Wellness Defined, Part 3

Let’s jump back into the Wellness Defined series with a quick definition of the terms disease and illness. Then we’ll look at a different way of seeing health, wellness, disease, and illness.

The shortest and most eloquent definition I’ve found for these terms goes as follows:

“Illness is what a person feels on the way to the Doctor’s office, disease is what they have when they leave.”

For a more technical look, we return to Dictionary.com:

Disease: – a disordered or incorrectly functioning organ, part, structure, or system of the body resulting from the effect of genetic or developmental errors, infection, poisons, nutritional deficiency or imbalance, toxicity, or unfavorable environmental factors; illness; sickness; ailment.

Illness: – unhealthy condition; poor health; indisposition; sickness.

Defining wellness using terms like disease and illness brings up some issues. First, the two don’t have to have anything to do with each other. Next, putting disease/illness opposite wellness necessitates seeing things in a good/bad kind of way – and that’s not always the case.

Disease is a malfunction of an organ or system in the human body and illness is – well, it’s “feeling bad.”

Put another way, disease resides in the body, illness in the mind. Where does this take us in terms of our discussion of wellness? It takes us to the idea of the Sense of Coherence and to seeing health and well-being as existing on a continuum, that “health” is a heterostatic thing that will change over time, rather than the more pervasive idea that it is homeostatic. Another way to state this second view is to say that health is zero-sum, you have it, or you don’t. Period.

OK, now we pause for more definitions. The Sense of Coherence is an idea put forward by Aaron Antonovsky in 1979 as an attempt to explain why some people got sick and others didn’t. To quote directly from Antonovsky:

Sense of Coherence (SOC): A global orientation that expresses the extent to which one has a pervasive, enduring though dynamic feeling of confidence that (1) the stimuli deriving from one’s internal and external environments in the course of living are structured, predictable and explicable; (2) the resources are available to one to meet the demands posed by these stimuli; and (3) these demands are challenges, worthy of investment and engagement.

In other words – a person who has the resources to deal with what comes their way, and knows they have these resources, has a high SOC and stands a better chance of staying healthy. The shorter version – a high SOC can stop an illness from becoming a disease. There are several factors that go into a SOC, and many scholarly articles have been written on the subject – however, for our purposes, I’m going to leave it there.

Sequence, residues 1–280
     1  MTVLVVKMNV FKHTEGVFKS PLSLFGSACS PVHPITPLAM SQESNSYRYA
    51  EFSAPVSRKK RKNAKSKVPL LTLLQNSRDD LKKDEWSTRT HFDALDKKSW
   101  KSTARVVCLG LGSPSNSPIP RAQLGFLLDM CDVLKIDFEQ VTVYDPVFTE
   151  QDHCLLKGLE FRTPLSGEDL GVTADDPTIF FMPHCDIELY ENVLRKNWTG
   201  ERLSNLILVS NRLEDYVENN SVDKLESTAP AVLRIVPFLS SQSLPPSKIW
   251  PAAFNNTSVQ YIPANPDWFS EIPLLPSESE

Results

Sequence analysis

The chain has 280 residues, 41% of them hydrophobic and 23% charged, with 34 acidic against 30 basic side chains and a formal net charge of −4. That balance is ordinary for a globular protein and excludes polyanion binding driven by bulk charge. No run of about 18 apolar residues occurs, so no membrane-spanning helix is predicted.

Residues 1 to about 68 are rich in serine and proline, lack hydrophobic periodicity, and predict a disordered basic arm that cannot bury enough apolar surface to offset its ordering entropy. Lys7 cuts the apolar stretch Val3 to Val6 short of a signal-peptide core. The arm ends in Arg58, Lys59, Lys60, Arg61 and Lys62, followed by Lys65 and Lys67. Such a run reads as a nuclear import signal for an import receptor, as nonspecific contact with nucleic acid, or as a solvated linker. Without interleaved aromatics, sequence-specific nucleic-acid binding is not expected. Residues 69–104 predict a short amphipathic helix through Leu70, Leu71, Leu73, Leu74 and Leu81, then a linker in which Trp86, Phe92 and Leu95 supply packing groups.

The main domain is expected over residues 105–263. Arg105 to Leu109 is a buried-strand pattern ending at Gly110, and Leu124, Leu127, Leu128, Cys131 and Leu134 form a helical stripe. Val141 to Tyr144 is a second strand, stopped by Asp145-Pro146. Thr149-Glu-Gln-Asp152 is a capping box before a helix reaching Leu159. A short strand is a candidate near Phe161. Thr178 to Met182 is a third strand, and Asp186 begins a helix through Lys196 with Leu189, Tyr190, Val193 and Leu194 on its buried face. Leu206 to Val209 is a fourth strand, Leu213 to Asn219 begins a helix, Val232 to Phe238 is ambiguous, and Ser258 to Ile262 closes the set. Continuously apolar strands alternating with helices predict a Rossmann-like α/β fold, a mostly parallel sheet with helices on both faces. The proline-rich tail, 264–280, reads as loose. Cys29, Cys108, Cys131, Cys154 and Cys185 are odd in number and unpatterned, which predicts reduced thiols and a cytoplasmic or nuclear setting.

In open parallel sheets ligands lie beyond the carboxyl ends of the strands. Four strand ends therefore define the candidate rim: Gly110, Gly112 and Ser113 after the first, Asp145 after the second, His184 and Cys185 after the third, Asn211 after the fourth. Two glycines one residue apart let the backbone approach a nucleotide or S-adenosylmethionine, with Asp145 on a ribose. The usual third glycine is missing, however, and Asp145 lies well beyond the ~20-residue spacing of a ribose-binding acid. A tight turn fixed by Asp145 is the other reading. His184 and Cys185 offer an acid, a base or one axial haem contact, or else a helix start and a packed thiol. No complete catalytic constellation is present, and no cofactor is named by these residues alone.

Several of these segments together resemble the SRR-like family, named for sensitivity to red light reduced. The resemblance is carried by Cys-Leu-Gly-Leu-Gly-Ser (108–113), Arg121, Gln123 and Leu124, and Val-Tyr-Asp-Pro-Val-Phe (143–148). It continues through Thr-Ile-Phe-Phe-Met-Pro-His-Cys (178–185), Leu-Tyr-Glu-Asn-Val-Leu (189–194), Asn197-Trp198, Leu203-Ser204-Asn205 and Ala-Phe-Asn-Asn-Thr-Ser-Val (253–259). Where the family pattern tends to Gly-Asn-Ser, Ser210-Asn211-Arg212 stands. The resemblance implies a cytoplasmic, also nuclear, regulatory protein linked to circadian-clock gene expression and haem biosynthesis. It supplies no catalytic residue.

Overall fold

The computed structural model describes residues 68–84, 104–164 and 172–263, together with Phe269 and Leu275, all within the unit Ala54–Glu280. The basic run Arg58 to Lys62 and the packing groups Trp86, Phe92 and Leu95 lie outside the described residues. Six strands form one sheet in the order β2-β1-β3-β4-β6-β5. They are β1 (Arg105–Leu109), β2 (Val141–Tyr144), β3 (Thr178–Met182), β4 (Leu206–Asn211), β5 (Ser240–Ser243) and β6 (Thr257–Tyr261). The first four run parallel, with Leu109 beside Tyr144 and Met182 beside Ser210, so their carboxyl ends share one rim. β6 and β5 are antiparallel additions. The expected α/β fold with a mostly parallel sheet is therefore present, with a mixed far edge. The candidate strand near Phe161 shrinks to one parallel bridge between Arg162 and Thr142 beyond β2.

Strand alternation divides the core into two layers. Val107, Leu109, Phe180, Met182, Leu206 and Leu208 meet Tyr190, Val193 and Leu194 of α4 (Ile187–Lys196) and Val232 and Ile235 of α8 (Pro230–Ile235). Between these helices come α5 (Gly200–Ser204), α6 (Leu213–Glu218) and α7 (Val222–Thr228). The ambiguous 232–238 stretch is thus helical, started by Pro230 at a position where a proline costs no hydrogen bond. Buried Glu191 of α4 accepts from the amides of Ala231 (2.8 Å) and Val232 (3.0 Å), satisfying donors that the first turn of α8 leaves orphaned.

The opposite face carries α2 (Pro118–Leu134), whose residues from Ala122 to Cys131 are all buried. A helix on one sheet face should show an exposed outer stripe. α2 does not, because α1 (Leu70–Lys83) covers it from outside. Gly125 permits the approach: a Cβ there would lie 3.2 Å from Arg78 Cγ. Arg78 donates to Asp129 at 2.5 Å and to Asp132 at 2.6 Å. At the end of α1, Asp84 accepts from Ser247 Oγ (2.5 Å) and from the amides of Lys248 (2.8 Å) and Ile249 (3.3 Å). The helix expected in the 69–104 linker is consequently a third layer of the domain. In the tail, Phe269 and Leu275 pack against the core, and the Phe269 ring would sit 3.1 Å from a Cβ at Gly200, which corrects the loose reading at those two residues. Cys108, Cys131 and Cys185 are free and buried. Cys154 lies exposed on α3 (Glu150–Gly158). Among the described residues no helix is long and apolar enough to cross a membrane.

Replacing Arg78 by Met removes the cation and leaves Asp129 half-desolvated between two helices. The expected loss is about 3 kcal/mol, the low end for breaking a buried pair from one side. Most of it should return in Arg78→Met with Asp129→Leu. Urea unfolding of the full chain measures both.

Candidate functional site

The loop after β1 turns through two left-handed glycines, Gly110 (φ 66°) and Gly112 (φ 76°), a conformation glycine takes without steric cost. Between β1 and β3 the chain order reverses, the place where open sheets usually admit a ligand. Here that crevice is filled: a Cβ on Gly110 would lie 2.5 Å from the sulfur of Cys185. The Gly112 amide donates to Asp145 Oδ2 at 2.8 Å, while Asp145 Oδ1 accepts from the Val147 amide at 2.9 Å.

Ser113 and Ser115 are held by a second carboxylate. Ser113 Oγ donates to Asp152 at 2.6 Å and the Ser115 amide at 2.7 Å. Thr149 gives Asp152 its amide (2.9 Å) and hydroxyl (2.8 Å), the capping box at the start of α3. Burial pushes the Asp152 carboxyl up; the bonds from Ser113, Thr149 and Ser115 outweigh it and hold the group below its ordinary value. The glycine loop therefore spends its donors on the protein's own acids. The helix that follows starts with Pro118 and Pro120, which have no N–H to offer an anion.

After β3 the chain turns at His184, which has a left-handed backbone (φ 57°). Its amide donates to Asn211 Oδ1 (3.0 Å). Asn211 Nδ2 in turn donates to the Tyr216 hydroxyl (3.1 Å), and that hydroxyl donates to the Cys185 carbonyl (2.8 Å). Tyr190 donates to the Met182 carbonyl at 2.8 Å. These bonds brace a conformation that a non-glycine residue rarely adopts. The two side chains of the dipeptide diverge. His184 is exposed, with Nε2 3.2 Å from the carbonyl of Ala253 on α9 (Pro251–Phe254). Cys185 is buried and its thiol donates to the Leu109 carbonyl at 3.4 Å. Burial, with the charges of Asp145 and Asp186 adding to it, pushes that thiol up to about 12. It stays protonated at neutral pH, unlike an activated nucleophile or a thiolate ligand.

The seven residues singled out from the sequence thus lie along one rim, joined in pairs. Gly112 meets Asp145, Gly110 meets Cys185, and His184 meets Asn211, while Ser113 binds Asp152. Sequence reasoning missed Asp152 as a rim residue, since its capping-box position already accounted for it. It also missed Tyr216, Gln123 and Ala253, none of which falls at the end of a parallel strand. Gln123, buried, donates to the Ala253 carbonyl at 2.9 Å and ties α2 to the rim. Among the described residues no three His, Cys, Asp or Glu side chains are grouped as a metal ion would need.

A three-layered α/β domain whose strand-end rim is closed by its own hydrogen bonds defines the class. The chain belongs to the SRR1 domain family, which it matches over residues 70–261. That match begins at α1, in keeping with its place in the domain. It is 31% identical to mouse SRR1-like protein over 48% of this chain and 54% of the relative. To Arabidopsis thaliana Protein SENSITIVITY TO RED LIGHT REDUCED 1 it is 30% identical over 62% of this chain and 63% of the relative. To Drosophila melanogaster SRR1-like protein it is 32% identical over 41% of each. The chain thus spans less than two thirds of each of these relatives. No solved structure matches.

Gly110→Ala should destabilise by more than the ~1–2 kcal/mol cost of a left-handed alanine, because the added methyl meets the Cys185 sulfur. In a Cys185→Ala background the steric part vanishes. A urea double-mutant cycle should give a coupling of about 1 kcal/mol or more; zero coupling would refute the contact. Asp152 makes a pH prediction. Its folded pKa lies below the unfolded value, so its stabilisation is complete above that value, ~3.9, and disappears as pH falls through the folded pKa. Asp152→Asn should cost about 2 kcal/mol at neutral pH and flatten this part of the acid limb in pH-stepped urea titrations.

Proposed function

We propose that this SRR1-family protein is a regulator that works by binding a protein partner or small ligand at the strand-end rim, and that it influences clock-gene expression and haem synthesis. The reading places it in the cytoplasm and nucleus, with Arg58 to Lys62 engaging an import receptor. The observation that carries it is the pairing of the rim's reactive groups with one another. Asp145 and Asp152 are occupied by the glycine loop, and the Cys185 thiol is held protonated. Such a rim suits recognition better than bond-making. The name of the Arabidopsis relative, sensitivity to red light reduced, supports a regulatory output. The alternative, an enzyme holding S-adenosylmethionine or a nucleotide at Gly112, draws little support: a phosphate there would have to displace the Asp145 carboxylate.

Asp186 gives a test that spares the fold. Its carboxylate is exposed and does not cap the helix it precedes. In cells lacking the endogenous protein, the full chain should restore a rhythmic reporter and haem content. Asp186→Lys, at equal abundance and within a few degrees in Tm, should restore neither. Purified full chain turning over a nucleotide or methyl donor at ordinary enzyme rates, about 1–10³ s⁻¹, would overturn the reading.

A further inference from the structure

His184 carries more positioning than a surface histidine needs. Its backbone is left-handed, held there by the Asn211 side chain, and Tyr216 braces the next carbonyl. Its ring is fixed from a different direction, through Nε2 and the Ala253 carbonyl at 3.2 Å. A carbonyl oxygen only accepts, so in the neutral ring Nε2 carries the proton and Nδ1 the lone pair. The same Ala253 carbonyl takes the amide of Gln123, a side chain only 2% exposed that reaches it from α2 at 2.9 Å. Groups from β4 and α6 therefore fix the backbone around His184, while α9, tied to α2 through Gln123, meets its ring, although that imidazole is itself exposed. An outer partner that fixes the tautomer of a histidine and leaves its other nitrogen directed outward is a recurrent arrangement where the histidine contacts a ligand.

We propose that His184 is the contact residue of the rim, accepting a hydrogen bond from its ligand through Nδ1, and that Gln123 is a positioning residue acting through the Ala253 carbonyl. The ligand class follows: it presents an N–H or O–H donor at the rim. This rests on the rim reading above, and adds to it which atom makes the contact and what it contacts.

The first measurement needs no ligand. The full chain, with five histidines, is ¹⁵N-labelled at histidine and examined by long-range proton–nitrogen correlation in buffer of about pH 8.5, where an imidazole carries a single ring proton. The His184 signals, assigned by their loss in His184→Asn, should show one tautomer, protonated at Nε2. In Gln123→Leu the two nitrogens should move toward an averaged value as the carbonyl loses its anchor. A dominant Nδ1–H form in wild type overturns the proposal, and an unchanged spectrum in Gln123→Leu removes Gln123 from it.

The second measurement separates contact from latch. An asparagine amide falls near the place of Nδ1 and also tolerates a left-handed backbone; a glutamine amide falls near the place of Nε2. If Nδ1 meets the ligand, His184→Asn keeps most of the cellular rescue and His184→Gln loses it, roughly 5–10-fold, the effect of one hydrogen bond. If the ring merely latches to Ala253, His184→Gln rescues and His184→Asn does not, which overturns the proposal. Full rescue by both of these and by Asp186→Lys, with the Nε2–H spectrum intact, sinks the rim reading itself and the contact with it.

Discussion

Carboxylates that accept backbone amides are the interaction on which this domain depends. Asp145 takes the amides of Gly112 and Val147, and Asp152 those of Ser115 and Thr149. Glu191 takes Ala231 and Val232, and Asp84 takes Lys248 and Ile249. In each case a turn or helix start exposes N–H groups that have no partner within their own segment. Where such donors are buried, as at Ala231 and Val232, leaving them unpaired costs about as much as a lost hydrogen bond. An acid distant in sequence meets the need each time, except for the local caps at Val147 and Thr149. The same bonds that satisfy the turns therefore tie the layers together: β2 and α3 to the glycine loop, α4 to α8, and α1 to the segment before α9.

Homeo– and heterostasis are terms describing the condition of our internal systems in the face of constantly changing external conditions. It’s long been assumed that “health” was a homeostatic condition. Either you were healthy, or you weren’t. Health was seen as a set point that a person’s body either was at, or they weren’t healthy.

The idea of health as being heterostatic is a newer concept that grew out of the investigations into SOC. In essence, this idea states that human health is a moving target. What health means for someone at age 24 is one thing, when that same person gets to 42, that definition will likely have changed. This also applies one person to another, what I consider healthy for myself is different than what the person sitting next to me as I write this considers healthy for themselves.

Where was I? Oh yeah, disease vs illness. We can now see that a person can have an illness without having a disease – and that it’s also possible for someone to have a disease without necessarily having the accompanying illness. There are also multiple stages in between, depending on each individual’s SOC and ability to deal with what they’ve been handed healthwise.

What does all this add to our discussion about wellness, besides muddying things up real good?

It highlights what I said way back in part 1 – that wellness is a moving target. What I hope you take away from these 3 posts is that wellness and overall well-being is not one static thing. Achieving it takes work. It takes accountability. It takes time. And most importantly for today’s discussion – it takes experimentation. Trial and error is how I lost 80 pounds.

The key is not seeing the errors as failures. They’re signals that you might want to try something different. That’s all.

Another key is to remember that even while you’re trying multiple paths, your destination may be a moving target as well. That is to say, your definition of Wellness will change over time, so it’s important to keep this flux in mind when you’re laying out the next path to explore. Check in with yourself to be sure you’re aiming the right direction for your current definition.

And now for the obligatory self-promotion. I am a Wellness Coach, so if you think you want to get started making some changes to your well-being, and maybe increase your own SO, and you aren’t sure where to begin – get in touch. Initial consultations are always free, and I’d love to talk you through some ideas and see if working together will benefit you in your wellness journey.

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